Hamlet

Published on: March 23rd, 2004

HAMLET

6/10

US 2000
dir/scr Michael Almereyda (based on the play by William Shakespeare)
cin John de Borman
stars Ethan Hawke, Kyle MacLachlan, Bill Murray, Diane Venora
123 minutes

Hamlet updated to millennial Manhattan, with Hawke as a goateed slacker ‘prince’ – on paper, a promising blend of Aki Kaurismaki’s Hamlet Goes Business, with the kingdom of Denmark turning into the family firm, and Baz Luhrmann’s Romeo + Juliet: modern dress, fancy visuals, Shakespeare’s text. Nice idea – pity it just doesn’t work. While Luhrmann wallowed in colourful Hispanic excess, Almereyda heads north, bathing his picture in icy blue neons, stark Arctic whites, chilly metallic sheens. Michael Mann territory, in other words – we even get Diane Venora popping up as Gertrude. But Almereyda misses the point – Mann would never allow his stylish visuals to be undermined by these lapses of attention and judgement.

Barely have we been told that this is ‘Manhattan, 2000’ than the camera catches posters for True Crime and other movies of similar vintage. Next, Kyle MacLachlan’s opening speech as Claudius is marred by some atrocious dubbing. Many critics have praised the drollery of staging Hamlet’s ‘To be or not to be’ soliloquy in a video store, with the Prince moping around the ‘action’ aisles – but which branch of Blockbuster would classify the likes of Gone With The Wind, Now Voyager and The Third Man as action movies?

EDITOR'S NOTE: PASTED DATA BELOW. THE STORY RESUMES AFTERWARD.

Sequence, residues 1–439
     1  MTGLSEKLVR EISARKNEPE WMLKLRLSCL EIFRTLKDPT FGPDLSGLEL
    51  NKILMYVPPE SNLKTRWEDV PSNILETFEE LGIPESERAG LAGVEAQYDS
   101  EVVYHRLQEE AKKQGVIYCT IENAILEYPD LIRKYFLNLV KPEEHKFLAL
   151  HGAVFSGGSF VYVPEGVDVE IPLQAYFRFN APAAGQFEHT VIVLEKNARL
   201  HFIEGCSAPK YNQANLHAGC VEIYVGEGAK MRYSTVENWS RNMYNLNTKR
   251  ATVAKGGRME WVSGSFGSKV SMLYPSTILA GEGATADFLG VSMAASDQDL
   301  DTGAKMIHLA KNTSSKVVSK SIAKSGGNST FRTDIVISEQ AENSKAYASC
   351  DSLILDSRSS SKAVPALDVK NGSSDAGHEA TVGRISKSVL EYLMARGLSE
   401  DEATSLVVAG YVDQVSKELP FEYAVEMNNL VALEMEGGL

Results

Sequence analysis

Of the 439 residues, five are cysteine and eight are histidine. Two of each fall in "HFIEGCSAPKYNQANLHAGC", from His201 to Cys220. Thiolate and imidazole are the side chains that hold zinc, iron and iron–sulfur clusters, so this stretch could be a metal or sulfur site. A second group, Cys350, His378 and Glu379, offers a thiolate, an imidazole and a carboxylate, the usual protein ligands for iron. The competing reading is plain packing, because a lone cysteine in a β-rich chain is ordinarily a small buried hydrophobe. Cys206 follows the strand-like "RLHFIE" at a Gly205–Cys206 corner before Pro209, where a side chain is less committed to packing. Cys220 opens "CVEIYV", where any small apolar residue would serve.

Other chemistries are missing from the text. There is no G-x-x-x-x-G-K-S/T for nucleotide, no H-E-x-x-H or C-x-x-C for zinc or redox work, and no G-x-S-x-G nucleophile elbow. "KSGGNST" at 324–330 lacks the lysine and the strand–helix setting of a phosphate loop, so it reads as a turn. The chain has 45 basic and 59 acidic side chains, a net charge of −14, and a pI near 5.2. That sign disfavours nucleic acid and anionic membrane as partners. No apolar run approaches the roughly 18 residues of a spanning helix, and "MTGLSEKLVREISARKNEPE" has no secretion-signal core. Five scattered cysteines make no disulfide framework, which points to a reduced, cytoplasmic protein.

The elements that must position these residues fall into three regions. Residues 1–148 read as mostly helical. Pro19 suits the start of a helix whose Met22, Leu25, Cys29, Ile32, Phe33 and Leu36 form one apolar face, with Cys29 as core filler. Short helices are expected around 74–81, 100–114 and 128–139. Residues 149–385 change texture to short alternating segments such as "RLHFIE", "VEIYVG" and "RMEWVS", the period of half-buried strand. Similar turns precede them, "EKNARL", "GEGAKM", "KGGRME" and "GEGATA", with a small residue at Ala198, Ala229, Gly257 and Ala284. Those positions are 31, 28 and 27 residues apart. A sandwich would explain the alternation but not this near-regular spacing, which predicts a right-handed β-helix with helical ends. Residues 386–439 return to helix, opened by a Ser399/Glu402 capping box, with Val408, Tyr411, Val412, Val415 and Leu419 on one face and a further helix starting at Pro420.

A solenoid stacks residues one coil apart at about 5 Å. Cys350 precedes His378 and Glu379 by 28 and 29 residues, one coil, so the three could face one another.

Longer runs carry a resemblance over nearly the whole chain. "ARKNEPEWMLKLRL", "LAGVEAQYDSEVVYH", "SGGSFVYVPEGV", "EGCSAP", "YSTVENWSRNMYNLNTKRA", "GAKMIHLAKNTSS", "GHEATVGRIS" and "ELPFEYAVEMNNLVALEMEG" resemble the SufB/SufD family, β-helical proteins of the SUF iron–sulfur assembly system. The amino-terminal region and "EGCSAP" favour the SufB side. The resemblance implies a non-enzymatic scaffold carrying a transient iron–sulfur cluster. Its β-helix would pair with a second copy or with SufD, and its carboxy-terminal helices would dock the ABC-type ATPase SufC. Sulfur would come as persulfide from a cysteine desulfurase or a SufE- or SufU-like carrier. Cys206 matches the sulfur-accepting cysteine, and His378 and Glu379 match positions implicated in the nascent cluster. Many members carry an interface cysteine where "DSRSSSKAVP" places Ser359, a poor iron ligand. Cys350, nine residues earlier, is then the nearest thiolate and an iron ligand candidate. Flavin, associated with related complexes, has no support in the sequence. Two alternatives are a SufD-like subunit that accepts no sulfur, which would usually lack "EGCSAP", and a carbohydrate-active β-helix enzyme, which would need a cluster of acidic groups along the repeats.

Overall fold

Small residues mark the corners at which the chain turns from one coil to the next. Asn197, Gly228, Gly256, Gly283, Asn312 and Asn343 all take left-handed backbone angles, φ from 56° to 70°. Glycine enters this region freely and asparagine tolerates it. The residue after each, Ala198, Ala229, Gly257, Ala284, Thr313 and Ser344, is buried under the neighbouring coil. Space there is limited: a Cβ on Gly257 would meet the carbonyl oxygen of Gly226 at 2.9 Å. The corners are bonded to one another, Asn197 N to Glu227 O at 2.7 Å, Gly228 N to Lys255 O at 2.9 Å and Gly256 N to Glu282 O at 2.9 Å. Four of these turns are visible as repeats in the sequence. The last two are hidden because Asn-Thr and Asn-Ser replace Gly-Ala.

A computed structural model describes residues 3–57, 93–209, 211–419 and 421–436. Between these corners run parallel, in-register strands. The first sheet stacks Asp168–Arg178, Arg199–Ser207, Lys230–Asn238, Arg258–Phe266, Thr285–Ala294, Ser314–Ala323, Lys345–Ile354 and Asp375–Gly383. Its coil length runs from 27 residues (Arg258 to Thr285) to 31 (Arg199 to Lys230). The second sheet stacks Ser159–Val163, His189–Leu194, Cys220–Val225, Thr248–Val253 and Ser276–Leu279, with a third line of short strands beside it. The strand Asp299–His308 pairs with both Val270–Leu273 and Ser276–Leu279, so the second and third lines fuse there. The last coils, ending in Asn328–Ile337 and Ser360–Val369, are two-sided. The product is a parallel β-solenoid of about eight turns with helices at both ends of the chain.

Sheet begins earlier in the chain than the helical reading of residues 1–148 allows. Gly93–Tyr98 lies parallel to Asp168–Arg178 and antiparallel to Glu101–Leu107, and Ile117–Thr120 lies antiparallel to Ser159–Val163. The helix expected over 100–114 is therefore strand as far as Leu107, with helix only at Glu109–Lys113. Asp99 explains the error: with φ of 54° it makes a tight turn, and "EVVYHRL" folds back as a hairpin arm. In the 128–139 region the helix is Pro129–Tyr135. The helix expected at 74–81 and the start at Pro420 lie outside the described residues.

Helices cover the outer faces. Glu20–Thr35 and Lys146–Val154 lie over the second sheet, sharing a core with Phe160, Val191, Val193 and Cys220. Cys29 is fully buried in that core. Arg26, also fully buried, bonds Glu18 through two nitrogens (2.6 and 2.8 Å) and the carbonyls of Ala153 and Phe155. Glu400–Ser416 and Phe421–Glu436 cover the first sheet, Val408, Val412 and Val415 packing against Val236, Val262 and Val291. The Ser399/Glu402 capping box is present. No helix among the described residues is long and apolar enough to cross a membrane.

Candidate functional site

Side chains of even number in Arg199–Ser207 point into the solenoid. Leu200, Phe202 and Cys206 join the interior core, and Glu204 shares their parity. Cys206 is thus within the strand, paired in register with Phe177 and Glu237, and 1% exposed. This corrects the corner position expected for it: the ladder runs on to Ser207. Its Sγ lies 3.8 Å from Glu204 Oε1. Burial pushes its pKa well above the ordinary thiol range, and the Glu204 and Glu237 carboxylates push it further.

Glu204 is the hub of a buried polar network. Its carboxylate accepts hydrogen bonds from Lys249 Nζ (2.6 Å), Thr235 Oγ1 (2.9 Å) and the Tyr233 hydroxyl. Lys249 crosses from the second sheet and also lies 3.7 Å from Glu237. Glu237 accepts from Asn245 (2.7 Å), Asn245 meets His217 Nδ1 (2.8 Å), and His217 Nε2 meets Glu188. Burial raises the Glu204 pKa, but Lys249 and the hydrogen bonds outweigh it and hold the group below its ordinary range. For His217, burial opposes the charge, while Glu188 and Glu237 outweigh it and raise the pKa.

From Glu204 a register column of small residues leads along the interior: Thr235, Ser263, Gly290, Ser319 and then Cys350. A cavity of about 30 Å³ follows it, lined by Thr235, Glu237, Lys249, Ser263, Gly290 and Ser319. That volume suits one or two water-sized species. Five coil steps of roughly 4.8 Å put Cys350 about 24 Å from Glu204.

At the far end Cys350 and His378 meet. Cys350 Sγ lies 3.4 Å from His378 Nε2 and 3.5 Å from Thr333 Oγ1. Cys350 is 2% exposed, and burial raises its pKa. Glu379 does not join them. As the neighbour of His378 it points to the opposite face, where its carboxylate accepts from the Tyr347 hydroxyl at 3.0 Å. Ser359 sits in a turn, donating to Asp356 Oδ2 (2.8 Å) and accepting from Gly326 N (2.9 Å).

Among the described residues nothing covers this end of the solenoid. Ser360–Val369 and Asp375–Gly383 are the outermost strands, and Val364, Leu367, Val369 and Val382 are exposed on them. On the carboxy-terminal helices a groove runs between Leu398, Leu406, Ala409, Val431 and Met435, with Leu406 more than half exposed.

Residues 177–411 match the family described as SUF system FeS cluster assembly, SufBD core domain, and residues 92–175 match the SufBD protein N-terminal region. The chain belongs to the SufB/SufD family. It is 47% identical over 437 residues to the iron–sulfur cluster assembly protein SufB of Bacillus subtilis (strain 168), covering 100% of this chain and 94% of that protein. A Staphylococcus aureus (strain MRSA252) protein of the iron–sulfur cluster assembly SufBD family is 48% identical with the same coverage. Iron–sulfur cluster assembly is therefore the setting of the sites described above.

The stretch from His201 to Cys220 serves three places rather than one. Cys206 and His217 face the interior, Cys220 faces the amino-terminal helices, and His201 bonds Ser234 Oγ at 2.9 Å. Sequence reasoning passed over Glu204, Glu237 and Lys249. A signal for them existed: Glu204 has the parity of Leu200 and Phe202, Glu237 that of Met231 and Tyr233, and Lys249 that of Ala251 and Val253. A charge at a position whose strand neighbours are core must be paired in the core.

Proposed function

These flubs are offputting enough, but are very small beer alongside Almereyda’s major miscalculation, the decision to retain Shakespeare’s language. We get bogged down in the endless convoluted patter, result in a paceless, oddly uncinematic viewing experience – ironic, given Almereyda’s relentlessly visual approach. The plot comes across as convoluted and implausible, and sticking to the text produces an inordinate amount of dumbshow ‘improvisations’ as Almereyda strives for new twists to the old tale. In any case, the characters’ anachronistic lingo jars alongside the ‘samples’ of modern speech that stray in: a lama’s interview on TV; Eartha Kitt’s recorded voice advising taxi passengers to wear their seatbelts.

Not that any of this is the actors’ fault. There are no weak links – Hawke makes a refreshingly youthful Hamlet, though he should burn that dopey ski cap, and he’s just shaded by Liev Schreiber’s bull-headed Laertes – Schreiber recently played Hamlet on stage in New York, and perhaps a slight edge of resenment gives his peformance that extra bit of punch. Julia Stiles’ sulky Ophelia and Sam Shephard’s snaggletoothed, Lincolnesque old Hamlet also make an impact, but blink and you’ll miss Jeffrey Wright’s singing gravedigger – perverse “use” of a terrific actor.

Perversity – or at least boundary-pushing originality – is, of course, what you’d expect from a director with Almereyda’s experimental background. And Hamlet’s trawling of video and internet images does throw up the occasional pearl – startling glimpses of Brandon Lee in The Crow, Barbara Steele, Herzog’s Lessons of Darkness and, best of all, James Dean, silently shrugging his shoulders in response to Hawke’s plea for advice. These touches make you think his video version of The Mousetrap, the play within the play, is going to be some wild, Parallax View-style trip – but it’s a big disappointment, drab and ordinary when what we want is to be dazzled and blasted. A missed opportunity – just like the movie.

by Neil Young
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